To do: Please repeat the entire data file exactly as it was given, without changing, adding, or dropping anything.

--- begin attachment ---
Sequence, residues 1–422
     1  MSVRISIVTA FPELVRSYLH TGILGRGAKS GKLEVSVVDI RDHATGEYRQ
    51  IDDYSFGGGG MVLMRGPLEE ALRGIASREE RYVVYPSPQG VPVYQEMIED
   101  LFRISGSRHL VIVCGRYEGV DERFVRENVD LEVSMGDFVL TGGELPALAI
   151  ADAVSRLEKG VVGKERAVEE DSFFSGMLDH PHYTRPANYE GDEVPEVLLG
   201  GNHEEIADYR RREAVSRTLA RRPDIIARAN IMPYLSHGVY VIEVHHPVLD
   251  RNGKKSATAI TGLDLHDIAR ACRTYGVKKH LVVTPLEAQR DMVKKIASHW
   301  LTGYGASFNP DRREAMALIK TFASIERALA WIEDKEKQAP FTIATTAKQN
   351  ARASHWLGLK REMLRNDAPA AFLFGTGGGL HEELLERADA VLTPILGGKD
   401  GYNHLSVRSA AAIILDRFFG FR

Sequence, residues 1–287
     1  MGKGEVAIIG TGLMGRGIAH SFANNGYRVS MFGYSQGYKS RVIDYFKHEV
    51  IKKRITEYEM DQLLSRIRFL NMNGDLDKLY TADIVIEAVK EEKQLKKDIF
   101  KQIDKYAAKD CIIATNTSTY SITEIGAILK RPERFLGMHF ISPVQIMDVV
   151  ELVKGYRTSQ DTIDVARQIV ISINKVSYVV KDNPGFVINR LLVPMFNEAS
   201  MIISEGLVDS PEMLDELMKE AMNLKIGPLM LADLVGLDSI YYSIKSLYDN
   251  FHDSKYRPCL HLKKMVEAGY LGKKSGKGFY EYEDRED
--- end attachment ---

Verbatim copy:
Sequence, residues 1–422
     1  MSVRISIVTA FPELVRSYLH TGILGRGAKS GKLEVSVVDI RDHATGEYRQ
    51  IDDYSFGGGG MVLMRGPLEE ALRGIASREE RYVVYPSPQG VPVYQEMIED
   101  LFRISGSRHL VIVCGRYEGV DERFVRENVD LEVSMGDFVL TGGELPALAI
   151  ADAVSRLEKG VVGKERAVEE DSFFSGMLDH PHYTRPANYE GDEVPEVLLG
   201  GNHEEIADYR RREAVSRTLA RRPDIIARAN IMPYLSHGVY VIEVHHPVLD
   251  RNGKKSATAI TGLDLHDIAR ACRTYGVKKH LVVTPLEAQR DMVKKIASHW
   301  LTGYGASFNP DRREAMALIK TFASIERALA WIEDKEKQAP FTIATTAKQN
   351  ARASHWLGLK REMLRNDAPA AFLFGTGGGL HEELLERADA VLTPILGGKD
   401  GYNHLSVRSA AAIILDRFFG FR

Sequence, residues 1–287
     1  MGKGEVAIIG TGLMGRGIAH SFANNGYRVS MFGYSQGYKS RVIDYFKHEV
    51  IKKRITEYEM DQLLSRIRFL NMNGDLDKLY TADIVIEAVK EEKQLKKDIF
   101  KQIDKYAAKD CIIATNTSTY SITEIGAILK RPERFLGMHF ISPVQIMDVV
   151  ELVKGYRTSQ DTIDVARQIV ISINKVSYVV KDNPGFVINR LLVPMFNEAS
   201  MIISEGLVDS PEMLDELMKE AMNLKIGPLM LADLVGLDSI YYSIKSLYDN
   251  FHDSKYRPCL HLKKMVEAGY LGKKSGKGFY EYEDRED